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Essential Auto Repair Tips for the DIY Auto Mechanic

Auto Repair

It's fun to work on your car. A professional auto mechanic is indispensable for big repairs and fast service, but there are plenty of auto maintenance chores you can handle if you're willing to get your hands dirty. A few hardy souls spend many hours tinkering with just about every aspect of their car, from simple oil changes to minor auto body repair. With time and experience comes wisdom, and many DIY auto repair enthusiasts have developed many techniques and tricks that they use to make their work safer, faster, and more efficient. Here are a few tips and tricks that a DIY auto mechanic can use to stay safe and work more effectively:

Properly Secure Your Car Before Working On It

Many car repairs are only possible if you can raise the car off the ground. It's important to remember that a car is a very heavy piece of machinery, and if it falls while you are underneath it, it could cause serious injury. Your life depends on making sure your vehicle stays put while you work on it.

It's easier to lift a car than it is to safely keep it up in the air. Don't rely on the lifting device as the only prop holding the car up. If the jack fails, the car will fall. This is especially true of hydraulic jacks. While hydraulic jacks can lift a lot of weight, if their seals let go, the car will drop immediately. To stay safe, a DIY auto mechanic should add either a pair of jack stands, wheel chocks, or both. Some inventive auto repair enthusiasts have made their own stands from 2x4 wood blocks. The more secure you keep your car, the less chance you will have of a serious accident.

Use Penetrating Lubricant for Stubborn Nuts and Bolts

Dealing with stubborn nuts and bolts might be the worst part of DIY auto repair. Rust, dirt, and corrosion can act like glue to keep you from getting those nuts and bolts loose. A pro auto mechanic uses penetrating lubricant to help loosen stuck nuts and bolts. Penetrating lubricants like PB Blast or Liquid Wrench work well to get inside the threads to help release whatever was holding bolts and nuts.

More Help With Stubborn Bolts and Nuts

Even with using a good penetrating lubricant, you still may need significant force to remove a persistent bolt or nut. Auto mechanics have come up with a couple of solutions. If you are using a ratchet, you can make a breaker bar, AKA, a "persuader". By attaching a long metal pipe to your ratchet, you can leverage the longer overall length to add more force to persuade the stubborn nut or bolt to come loose. If you are using a box/open end combo wrench, you can hook the closed end of a second wrench over the open end of the first wrench to make a breaker bar. This will give you more twisting force to use on those stubborn nuts and bolts. While this can get you out of tricky situations, a DIY auto mechanic should use this technique with caution. Make sure you keep the leverage straight onto the direction you want to turn. Anything off-center may result in the wrench slipping, resulting in busted knuckles.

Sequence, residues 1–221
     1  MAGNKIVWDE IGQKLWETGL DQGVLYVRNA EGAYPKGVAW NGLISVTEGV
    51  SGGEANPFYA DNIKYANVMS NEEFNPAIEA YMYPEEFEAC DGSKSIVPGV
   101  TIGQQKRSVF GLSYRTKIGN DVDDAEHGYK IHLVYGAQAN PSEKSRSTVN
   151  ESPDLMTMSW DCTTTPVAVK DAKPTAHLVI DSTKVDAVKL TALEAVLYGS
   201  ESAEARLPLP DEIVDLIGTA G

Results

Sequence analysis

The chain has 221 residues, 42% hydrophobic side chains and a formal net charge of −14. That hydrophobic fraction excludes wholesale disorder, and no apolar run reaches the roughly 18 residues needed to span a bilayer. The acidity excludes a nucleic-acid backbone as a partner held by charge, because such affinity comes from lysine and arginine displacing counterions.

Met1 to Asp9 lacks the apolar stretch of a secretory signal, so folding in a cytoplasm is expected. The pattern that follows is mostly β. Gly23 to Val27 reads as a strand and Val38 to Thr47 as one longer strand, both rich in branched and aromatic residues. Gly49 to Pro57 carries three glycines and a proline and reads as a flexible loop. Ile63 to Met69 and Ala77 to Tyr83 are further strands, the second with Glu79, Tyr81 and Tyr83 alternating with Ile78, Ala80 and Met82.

Fix a Stripped Screw With a Rubber Band

Sometimes, you try as hard as you can to get a screw undone but just can't do it. In fact, sometimes screws can become unusable due to overzealous attempts. A good trick that a DIY auto mechanic might try would be to take a wide rubber band and lay it flat across the head of the stripped screw. Then use your screwdriver as normal. The rubber will help the screwdriver grip the metal of the screw. It will also help eliminate any gaps created from those unsuccessful attempts. Hopefully, this will give you the extra edge to get the screw out. If you do manage to remove the screw, remember to replace it if at all possible. Putting a stripped screw back in place is a recipe for a repeat disaster.

Keep Your Battery Terminals Clean

Over time, battery terminals tend to corrode. The corrosion occurs due to battery acid leaking on the terminals. Corroded battery terminals can lead to poor connections, and just plain looks bad. You can identify battery corrosion by the buildup of white crystal-like growth around the terminals. Corrosion is easy to clean with a wire brush, a little baking soda, and water. You can also get a specialized battery cleaner to use to clean the terminals. Even better, you can prevent corrosion using anti-corrosion gels or washers. This will help corrosion from happening in the first place.

When In Doubt, Bring It to an Auto Mechanic

Even the most dedicated DIY aut mechanic is bound to run into problems they can't handle. If you're unsure how to safely perform the repairs your car requires, it makes sense to bring it to a pro. Auto mechanics have better tools and know-how, and they have all the parts and tools they need close at hand.

If you live in the Los Angeles area, visit West Coast Tire & Service for great auto service, and friendly advice.